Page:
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Commonsense knowledge for Machine Intelligence - part 2


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These are the slides of the tutorial on commonsense knowledge for machine intelligence, presented by Dr. Niket Tandon, Dr. Aparna Varde, and Dr. Gerard de Melo at the CIKM conference 2017.

*Part 2/3: Commonsense knowledge for detecting and correcting odd collocations in text*


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Commonsense knowledge for Machine Intelligence - part 2

  1. 1. Part 2: Detecting and Correcting Odd Collocations in Text 1 Commonsense for Machine Intelligence: Text to Knowledge and Knowledge to Text
  2. 2. Introduction to Collocations • Correct native speaker expression in a given language • Strong tea (not powerful tea) • Clear sky (not pure sky) • Go home (not go to home) • Go to school (not go school) • House arrest (not arrest house) • Friend circle (not circle friend) 2
  3. 3. Collocation Errors or Odd Collocations • Expressions that may be grammatically correct, not typical among native speakers • Red meat & white meat are correct collocations in English • Their literal translations are odd collocations in German • Not usually used by Deutsche speakers • Machine translation can often cause such collocation errors • Can be due to lack of commonsense & world knowledge 3
  4. 4. Collocations and Idioms • Some collocations are idiomatic expressions: “couch potato” • Literal idiom translation may be totally absurd: “sofa potato” • Note: Correct idiom usage & translation is harder • All collocations are not idioms, e.g., “fast cars” (vs “quick cars”) • Yet, correct collocation usage is important in many situations 4
  5. 5. Motivation to Address Collocations – Daily Communication • Tourist wants “black coffee” (regular coffee without milk) in a coffee shop • Asks for “dark coffee” using online translation help • Server brings coffee with milk, made with darkest coffee beans available • This is not what the tourist intended… • What if he is lactose intolerant? • Note: “Coffee Shop” in Amsterdam might mean something completely different J A place for drugs! • Important to address collocations with commonsense & world knowledge 5
  6. 6. Motivation to Address Collocations – Written Texts • Classic Bible quote also in Shakespeare’s Hamlet • Literal machine translation can yield different meaning! • Collocations e.g., “willing spirit” & “weak flesh” must be translated with commonsense & reference to context 6
  7. 7. Motivation to Address Collocations – Search Engines • Odd collocation “quick cars” returns fewer hits & less appropriate results • Correct collocation “fast cars” shows better site & images of cars as good search results • Machine translation help for search engines should fix collocation errors 7
  8. 8. Techniques to Address Odd Collocations • Treatment of Collocations • Different types oddly collocated terms • Examples of each type with problems caused • Linguistic Classification • Classifying terms as correct vs incorrect collocations • Considering associations / using source language • Detection and Correction • Finding various incorrectly collocated terms using frequency etc. • Providing correct responses, similarity measures, ranking the suggestions 8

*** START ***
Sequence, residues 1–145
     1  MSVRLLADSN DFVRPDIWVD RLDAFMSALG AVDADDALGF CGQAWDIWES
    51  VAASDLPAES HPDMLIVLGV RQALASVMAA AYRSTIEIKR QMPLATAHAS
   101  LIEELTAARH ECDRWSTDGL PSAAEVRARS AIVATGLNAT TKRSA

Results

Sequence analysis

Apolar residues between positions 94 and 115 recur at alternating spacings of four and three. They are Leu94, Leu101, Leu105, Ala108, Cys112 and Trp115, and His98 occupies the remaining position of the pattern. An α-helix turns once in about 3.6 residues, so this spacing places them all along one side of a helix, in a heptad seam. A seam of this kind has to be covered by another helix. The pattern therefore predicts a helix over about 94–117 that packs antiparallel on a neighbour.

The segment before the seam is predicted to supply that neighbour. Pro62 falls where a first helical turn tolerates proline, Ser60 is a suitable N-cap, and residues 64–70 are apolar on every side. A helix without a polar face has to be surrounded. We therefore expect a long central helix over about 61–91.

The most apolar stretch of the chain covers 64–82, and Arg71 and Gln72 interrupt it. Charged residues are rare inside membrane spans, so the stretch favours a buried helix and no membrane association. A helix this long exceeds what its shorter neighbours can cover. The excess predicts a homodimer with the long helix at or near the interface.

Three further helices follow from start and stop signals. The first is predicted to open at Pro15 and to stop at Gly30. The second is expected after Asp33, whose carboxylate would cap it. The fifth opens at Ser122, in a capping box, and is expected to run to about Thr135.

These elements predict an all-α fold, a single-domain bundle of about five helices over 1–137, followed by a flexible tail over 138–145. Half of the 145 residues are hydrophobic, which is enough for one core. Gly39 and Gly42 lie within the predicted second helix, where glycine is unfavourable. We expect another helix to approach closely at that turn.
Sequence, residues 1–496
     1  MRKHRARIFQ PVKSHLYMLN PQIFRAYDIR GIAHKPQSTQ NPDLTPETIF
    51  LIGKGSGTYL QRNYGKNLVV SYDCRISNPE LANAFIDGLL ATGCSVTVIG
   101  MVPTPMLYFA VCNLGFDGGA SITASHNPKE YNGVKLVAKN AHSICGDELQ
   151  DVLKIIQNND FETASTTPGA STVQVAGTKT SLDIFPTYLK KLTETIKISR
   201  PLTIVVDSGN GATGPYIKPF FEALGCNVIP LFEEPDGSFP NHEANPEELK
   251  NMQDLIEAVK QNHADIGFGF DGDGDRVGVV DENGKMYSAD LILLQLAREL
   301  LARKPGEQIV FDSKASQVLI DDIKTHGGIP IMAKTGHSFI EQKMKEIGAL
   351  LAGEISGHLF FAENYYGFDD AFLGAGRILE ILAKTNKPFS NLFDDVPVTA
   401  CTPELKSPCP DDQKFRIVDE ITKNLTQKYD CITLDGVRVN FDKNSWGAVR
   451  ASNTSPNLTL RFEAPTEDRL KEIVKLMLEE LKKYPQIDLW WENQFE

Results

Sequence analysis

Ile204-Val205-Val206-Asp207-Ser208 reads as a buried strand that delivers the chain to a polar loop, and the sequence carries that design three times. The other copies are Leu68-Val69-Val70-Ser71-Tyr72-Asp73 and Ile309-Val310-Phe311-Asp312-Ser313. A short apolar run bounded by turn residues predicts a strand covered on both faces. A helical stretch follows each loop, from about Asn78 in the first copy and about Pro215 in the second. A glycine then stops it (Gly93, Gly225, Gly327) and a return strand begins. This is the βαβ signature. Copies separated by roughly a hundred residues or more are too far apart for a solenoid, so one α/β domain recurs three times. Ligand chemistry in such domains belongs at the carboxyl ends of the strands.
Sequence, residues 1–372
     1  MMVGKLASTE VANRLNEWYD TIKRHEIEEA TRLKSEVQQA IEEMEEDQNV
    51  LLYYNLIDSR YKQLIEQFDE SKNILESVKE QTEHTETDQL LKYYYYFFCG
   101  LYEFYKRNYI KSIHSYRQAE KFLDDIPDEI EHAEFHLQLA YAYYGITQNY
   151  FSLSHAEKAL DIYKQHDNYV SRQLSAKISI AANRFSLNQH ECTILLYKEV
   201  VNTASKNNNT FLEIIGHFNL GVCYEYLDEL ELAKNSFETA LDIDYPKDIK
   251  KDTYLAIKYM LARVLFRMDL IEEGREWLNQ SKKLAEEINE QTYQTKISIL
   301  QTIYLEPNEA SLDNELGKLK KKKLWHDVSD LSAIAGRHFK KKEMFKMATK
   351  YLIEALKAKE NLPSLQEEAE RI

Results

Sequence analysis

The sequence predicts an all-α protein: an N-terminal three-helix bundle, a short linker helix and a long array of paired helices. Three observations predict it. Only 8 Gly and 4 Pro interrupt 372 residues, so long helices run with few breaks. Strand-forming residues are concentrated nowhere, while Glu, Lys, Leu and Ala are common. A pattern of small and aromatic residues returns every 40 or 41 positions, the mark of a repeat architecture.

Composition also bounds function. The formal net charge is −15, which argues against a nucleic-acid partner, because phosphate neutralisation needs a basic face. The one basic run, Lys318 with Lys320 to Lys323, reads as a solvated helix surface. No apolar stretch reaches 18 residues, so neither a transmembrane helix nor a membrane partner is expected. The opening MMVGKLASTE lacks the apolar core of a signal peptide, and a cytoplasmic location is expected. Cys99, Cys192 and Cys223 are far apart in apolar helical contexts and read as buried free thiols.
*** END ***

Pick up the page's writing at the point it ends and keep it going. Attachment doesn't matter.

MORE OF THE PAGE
9. 9. Treatment of Collocations • Collocations are typically treated in different categories • Insertion Errors: adding a wrong term • Deletion Errors: omitting a required term • Transposition Errors: changing order of terms • Substitution Errors: using one term instead of another • We briefly describe each type with examples and the problems they could cause 9
  10. 10. Insertion Errors • These include adding a term not appropriate in a correct native speaker expression “I went to home” vs “I went home” “When will you return back from Singapore?” vs “When will you return from Singapore?” “Take a break for the lunch” vs “Take a break for lunch” • Article errors quite common in this category (adding unnecessary articles) • Many of these errors involve grammatical mistakes • These types of errors create problems in • Fluency of speech especially at formal events • Clarity of written documents 10
  11. 11. Deletion Errors • These are the opposite of insertion errors & involve missing a term needed in an expression “Einstein was scientist” vs “Einstein was a scientist” “Hire someone to do job” vs “Hire someone to do the job” “Let us wait her” vs “Let us wait for her” • They also create similar problems with respect to fluency and clarity • Many deletion errors also pertain to odd use of articles (omitting a necessary one) • Approaches in the literature for article error treatment are applicable here • These also often pertain to grammatical mistakes 11
  12. 12. Transposition Errors • These errors occur when terms are not placed in the appropriate order • They could be more problematic than insertion & deletion errors “Don’t talk with your full mouth” vs “Don’t talk with your mouth full” “How to make friendships close” vs “How to make close friendships” • They might convey the wrong meaning, e.g., talking with your full mouth is different from talking with your mouth full • Sometimes it’s almost the opposite meaning, e.g., close friendships vs friendships close • Often, knowing native language of speaker / origin of the source text might help here 12